I’m currently a Gospel Doctrine teacher in my ward — which is my absolute favorite calling in the Church — and, today, I taught a lesson on Alma 43-52.
Those are, basically, chapters about war.
I know some people who hate them. Because they’re boring. Or because they’re irrelevant to doctrine. (I know one or two people who almost seem to regard the scriptures as failed doctrinal handbooks — unfortunately not well organized like, say, Mormon Doctrine.) Some think that they’re there only because Mormon, the compiler of most of the record as we’ve received it, was a military commander for most of his life, and because he plainly admires the Nephite commander, Moroni, enormously — to the extent that he names his own son after his hero.
I don’t think these chapters are boring at all. I love them. And I’m absolutely convinced that they have a great deal to teach us.
My frustration today was that I had to deal with fully ten chapters in, at most, about forty minutes.
Years ago, when I was called to serve on the Church’s Gospel Doctrine writing committee, I told the General Authority extending the call that, candidly, I hated the Church’s Sunday school manuals and found them, personally, impossible to teach from.
“You’re just the kind of person we’re looking for!” he responded.
And, truly, I loved serving on the committee, and did so for something on the order of eight years. But I still don’t much like the Sunday school manuals.
Once, during that period, though I was actually not supposed to have any local calling, I was teaching Gospel Doctrine in my ward. (I certainly wasn’t going to complain to anybody about being overloaded, because I loved doing it; I would only have trotted my “exemption” letter out if somebody had tried to call me as, oh. say, scoutmaster.) Unbeknownst to me, the stake Sunday school president sat in on my class. Afterwards, he chided me, not quite severely but almost so, for not following the manual. ”Don’t you know,” he said, “that those manuals are given to us by revelation?” I felt bad telling them that, as it happened, I was on the committee that had written the manual, and that I still didn’t like it. But I told him anyhow. I am, yes, that mean-spirited.
While I’m sure that they’re very helpful to many, I just don’t think or teach the way the Sunday school manuals do. I prefer to simply read the assigned scriptural text, pick out significant or particularly interesting passages, and discuss them.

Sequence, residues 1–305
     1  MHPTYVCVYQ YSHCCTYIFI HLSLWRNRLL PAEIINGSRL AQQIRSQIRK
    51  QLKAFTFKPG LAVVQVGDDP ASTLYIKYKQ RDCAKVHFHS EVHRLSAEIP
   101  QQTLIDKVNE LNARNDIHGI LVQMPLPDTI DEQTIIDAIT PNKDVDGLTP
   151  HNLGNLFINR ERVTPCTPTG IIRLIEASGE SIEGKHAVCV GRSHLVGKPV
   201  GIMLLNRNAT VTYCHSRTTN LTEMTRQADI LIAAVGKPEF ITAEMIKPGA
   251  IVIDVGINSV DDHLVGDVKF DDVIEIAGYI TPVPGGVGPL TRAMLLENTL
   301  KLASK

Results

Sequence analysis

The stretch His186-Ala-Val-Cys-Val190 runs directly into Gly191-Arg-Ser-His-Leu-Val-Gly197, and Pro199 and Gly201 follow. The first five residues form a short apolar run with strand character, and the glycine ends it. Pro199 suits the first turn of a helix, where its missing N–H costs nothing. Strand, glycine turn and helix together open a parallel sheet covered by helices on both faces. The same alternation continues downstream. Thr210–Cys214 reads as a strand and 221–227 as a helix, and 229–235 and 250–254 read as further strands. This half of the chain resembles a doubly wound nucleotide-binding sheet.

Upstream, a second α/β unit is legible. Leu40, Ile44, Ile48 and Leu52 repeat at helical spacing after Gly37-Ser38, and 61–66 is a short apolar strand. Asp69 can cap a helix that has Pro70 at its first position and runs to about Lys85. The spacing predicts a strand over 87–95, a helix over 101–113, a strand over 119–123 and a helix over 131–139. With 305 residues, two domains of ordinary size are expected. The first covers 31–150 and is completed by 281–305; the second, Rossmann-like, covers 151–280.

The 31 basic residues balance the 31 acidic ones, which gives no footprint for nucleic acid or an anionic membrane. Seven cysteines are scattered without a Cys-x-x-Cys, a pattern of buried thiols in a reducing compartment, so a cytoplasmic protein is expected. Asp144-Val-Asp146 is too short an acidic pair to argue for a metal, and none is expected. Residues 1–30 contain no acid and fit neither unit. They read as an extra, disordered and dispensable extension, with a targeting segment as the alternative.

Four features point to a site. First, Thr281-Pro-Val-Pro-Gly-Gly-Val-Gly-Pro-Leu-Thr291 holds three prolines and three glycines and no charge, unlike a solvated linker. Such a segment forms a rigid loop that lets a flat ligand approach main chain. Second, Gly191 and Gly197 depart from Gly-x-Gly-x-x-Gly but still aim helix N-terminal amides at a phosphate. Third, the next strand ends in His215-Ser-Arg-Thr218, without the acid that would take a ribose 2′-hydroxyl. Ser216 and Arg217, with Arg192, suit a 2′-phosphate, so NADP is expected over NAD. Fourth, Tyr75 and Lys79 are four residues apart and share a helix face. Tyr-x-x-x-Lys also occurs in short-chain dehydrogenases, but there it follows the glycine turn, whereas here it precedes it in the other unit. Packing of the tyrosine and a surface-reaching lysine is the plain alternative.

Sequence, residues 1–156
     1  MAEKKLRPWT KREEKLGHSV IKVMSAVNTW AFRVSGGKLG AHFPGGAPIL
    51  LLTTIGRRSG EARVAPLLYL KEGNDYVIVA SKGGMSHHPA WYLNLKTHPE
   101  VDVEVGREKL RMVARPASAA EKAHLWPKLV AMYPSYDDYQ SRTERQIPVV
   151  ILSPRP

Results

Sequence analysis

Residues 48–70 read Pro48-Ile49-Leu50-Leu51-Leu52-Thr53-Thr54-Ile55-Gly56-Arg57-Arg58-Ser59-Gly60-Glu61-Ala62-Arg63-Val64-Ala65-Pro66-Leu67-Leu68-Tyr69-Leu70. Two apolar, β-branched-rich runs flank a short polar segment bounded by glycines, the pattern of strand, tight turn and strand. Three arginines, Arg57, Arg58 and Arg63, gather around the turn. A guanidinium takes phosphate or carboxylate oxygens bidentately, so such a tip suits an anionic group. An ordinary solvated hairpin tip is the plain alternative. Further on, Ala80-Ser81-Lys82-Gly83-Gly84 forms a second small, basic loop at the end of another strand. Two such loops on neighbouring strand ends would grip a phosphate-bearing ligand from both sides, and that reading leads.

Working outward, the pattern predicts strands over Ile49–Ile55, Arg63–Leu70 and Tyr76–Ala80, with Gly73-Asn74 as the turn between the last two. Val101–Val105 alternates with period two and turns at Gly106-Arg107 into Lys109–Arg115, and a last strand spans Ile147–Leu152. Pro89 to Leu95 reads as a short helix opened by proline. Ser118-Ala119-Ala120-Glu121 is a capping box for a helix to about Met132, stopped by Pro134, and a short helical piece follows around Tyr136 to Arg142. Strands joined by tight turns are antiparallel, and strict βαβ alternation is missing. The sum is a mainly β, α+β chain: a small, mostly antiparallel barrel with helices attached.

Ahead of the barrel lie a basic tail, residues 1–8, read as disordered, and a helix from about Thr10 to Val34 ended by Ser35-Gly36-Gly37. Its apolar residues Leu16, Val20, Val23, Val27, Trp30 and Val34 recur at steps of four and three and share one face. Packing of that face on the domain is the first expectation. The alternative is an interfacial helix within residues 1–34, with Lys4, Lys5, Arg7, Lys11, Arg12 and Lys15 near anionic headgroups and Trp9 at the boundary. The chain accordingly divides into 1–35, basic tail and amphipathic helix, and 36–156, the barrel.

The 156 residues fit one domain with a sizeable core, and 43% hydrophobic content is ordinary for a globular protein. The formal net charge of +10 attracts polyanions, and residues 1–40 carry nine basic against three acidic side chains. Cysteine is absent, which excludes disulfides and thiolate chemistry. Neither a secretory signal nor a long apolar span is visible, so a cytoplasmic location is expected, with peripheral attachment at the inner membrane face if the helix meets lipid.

Ideally, I would like to cover no more than one or two chapters in the time that we’re allotted. I rarely have that chance, of course. But situations like today, where we have to “cover” ten chapters or so, strain my personal method or approach to the breaking point.
Still, I have to say that, in considering Alma 43-52 today, I was deeply impressed all over again, for the umpteenth time, with the Book of Mormon. To me, even if only in terms of my background as a kind of historian, such chapters as these read persuasively as real chronicles of real people, behaving in plausible ways. As I re-read them, I found myself thinking of all sorts of historical parallels to such people as poor King Harald II, racing his weary troops from his victory at the Battle of Stamford Bridge down to pivotal defeat near Hastings in 1066; to the feints and ambushes of the Muslim soldiers during the Crusades; and to modern principles of force multiplication and psychological warfare.
Rich, rich stuff. But far too little time.
And I’m convinced that the stories are enormously important. We learn at least as much from historical narratives — even more basically, from stories (including accounts of Church history and those in family journals) — as we do from abstract theological propositions. And maybe much more.
As Kathleen Flake says in her fine recent article for The Christian Century, ”Mormons are not theologians or even particularly doctrinaire; they are primarily narrativists.”
I couldn’t agree more.
I love the stories we have to tell, and I love teaching them.